After business was over dinner was furnished in the kitchen, when all seemed
to enjoy the good cheer, and on their return felt satisfied, no doubt, that
frugality and economy are handmaids to domestic comfort.

ACCIDENT ON STAINMORE.  Yesterday (Friday) morning, an accident of a serious
nature occurred to a young man named THOMAS BOUSFIELD, of Kirkby Stephen,
who was engaged as a telegraph clerk on the South Durham Railway at the
Summit, Stainmore.  It appears that he had left his home as usual, and
having proceeded by a mineral or goods train to the Summit, was in the act
of jumping off the train which was still in motion, when by some means he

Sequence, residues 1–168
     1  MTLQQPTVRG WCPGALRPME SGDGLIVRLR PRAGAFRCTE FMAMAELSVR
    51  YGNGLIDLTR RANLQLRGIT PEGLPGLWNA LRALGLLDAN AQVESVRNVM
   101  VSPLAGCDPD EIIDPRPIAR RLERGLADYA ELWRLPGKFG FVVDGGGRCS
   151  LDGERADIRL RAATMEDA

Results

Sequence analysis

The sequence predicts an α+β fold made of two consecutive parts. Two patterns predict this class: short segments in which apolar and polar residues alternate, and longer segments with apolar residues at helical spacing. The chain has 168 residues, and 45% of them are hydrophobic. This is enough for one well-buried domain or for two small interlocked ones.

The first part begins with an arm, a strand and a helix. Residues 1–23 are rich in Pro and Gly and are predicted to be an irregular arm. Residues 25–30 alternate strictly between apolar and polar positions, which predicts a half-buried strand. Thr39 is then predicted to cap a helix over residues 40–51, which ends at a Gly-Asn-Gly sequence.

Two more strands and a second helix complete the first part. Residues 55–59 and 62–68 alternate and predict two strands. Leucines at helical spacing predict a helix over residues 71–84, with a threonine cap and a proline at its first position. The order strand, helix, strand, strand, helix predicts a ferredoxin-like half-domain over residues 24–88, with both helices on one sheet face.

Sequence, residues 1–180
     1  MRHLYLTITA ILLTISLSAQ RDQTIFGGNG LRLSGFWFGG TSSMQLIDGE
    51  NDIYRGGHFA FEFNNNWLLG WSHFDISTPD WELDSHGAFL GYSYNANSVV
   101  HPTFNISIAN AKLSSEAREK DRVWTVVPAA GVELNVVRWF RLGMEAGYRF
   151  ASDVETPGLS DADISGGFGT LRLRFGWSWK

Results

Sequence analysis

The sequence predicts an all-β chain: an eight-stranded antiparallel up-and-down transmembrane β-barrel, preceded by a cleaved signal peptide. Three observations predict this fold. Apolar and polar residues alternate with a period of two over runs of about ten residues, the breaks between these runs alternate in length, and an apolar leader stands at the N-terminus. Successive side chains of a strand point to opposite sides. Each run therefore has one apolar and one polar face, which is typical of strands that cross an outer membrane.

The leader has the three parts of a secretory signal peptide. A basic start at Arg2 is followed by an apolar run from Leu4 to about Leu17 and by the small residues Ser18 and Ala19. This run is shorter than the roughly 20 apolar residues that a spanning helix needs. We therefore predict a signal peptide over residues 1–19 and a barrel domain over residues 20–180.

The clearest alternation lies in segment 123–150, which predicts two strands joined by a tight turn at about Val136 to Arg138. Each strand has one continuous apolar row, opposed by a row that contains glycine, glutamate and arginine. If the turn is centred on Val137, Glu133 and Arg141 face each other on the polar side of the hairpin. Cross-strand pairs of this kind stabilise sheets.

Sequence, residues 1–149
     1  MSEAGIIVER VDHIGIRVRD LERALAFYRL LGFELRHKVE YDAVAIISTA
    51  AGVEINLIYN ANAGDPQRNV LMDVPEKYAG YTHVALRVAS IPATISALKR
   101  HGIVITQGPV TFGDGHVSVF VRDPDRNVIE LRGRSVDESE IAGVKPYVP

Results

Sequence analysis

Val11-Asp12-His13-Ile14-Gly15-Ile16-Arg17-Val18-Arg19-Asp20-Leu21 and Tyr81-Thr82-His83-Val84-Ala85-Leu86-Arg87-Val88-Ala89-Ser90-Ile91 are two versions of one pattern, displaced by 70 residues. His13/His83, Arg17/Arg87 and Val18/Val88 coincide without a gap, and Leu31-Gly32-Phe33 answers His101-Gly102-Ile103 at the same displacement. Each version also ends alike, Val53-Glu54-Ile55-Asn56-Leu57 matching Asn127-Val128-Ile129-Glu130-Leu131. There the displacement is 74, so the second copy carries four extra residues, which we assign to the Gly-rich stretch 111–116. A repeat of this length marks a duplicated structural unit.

slipped and fell with his arm across the line, and the wheels passing over
it, it was so much crushed that amputation at the shoulder was necessary.
The operation was performed by Drs. SAYER and LELAND.

PATTERDALE:  ODDFELLOWSHIP.  The Loyal Helvellyn Lodge of Oddfellows, which
has been thirty four years in existence, held its yearly meeting in the
lodge room, on Saturday evening last, when a balance sheet of the receipts
and expenditure of the funds of the society was laid before the members,
from which it appears £82 14s. 7-1/2d. has been paid to its sick members
during the year;  and £12 for two funerals.  The officers also distributed
£9 11s. 6d. amongst the widows connected with the lodge on the same evening.
The above society at present consists of 85 members;  and the friends are in
a very prosperous state. 


PENRITH WESLEYAN DAY SCHOOL.  Mr. JAMES THOMPSON, of Thistlebank,
Tannerside, Richmond, Yorkshire, has been appointed master of the above
school.  The Secretary of the Wesleyan Training College, Westminster, writes
as follows:  " Mr. THOMPSON was a pupil teacher in the Low Row School,